Superbowl reading for number crunchers

Here are a few links to posts and articles about the Superbowl that will appeal to number crunchers:

Nate Silver argues that defense wins championships. Many math models show that offense is more instrumental in winning games than is defense. But defense may be better for winning titles. Silver looks at the top 20 defenses and offenses to have played in the Super Bowl according to the simple rating system at pro-football-reference.com. He finds that the team with top defensive teams have won 14 of 20 Super Bowls  whereas the top offensive teams have won 10 of 20.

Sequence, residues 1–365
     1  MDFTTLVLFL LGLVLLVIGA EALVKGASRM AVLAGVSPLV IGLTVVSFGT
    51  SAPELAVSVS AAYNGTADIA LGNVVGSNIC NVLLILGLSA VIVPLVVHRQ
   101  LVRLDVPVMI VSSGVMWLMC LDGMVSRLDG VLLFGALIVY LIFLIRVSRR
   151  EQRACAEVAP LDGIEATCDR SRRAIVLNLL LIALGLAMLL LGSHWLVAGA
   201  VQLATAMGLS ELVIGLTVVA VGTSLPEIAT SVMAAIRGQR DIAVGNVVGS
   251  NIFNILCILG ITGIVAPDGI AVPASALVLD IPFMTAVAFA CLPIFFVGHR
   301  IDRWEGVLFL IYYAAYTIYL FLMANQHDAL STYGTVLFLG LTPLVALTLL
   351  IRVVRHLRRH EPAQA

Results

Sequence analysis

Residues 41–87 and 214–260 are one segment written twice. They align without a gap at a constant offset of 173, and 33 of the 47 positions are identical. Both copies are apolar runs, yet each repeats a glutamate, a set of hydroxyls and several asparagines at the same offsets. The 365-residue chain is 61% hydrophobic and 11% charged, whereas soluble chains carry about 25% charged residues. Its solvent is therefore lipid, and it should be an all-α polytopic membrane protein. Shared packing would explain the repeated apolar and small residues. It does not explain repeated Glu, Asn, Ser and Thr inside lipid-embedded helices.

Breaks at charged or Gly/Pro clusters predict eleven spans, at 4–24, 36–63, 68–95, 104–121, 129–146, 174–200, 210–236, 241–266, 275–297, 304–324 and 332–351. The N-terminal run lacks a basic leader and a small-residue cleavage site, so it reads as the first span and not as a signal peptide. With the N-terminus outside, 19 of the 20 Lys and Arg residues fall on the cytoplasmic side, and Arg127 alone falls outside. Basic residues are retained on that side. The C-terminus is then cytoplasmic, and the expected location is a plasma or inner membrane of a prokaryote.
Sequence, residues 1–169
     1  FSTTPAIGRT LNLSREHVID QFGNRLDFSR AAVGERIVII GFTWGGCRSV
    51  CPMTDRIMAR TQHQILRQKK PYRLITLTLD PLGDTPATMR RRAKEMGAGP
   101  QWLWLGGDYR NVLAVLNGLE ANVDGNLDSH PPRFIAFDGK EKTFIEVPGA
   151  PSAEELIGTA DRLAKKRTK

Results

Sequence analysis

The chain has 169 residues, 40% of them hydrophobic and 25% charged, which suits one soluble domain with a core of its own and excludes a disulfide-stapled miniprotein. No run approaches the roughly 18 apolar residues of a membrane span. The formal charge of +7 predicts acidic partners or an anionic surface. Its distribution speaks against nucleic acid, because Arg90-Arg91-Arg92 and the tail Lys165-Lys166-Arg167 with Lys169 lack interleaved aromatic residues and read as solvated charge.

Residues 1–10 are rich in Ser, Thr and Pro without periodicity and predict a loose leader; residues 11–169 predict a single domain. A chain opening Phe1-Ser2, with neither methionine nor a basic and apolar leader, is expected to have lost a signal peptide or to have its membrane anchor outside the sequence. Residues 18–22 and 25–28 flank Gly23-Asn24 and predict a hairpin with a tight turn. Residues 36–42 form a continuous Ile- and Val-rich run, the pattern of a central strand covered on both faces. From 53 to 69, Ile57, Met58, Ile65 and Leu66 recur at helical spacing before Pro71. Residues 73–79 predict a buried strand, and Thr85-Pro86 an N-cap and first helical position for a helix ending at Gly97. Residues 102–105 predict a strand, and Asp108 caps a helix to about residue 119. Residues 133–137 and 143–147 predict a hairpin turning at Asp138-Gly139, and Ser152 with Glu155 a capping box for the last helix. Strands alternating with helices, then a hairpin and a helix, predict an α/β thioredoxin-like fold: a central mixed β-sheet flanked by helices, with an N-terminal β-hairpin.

Nate Cohn at the New Republic writes about how football is ripe for reaping the benefits from advanced statistics.

Josh Laurito has a nice post on TV Ratings (as measured by Nielsen) for major league sports championships. The Super Bowl is the only one championship that has been increasing over the past decade or so  (shown below). The Superbowl with the highest ratings ever was the 1986 Superbowl featuring the 1985 Bears (this is probably the closest I’ll get to proving that the 1985 Bears was the best team ever.)

Superbowl Nielson Ratings

I’ve written about football in several posts. One analyzes the Patriots’ decision to let the Giants score a touchdown in last year’s Superbowl using a decision tree.

I also have three presentations on football decision making.

The first illustrates when a team should go for a two point conversion using dynamic programming:  

The second looks at when a team should go for it on fourth down using decision trees: 

The third uses game theory to find the best mix of run and pass plays. 

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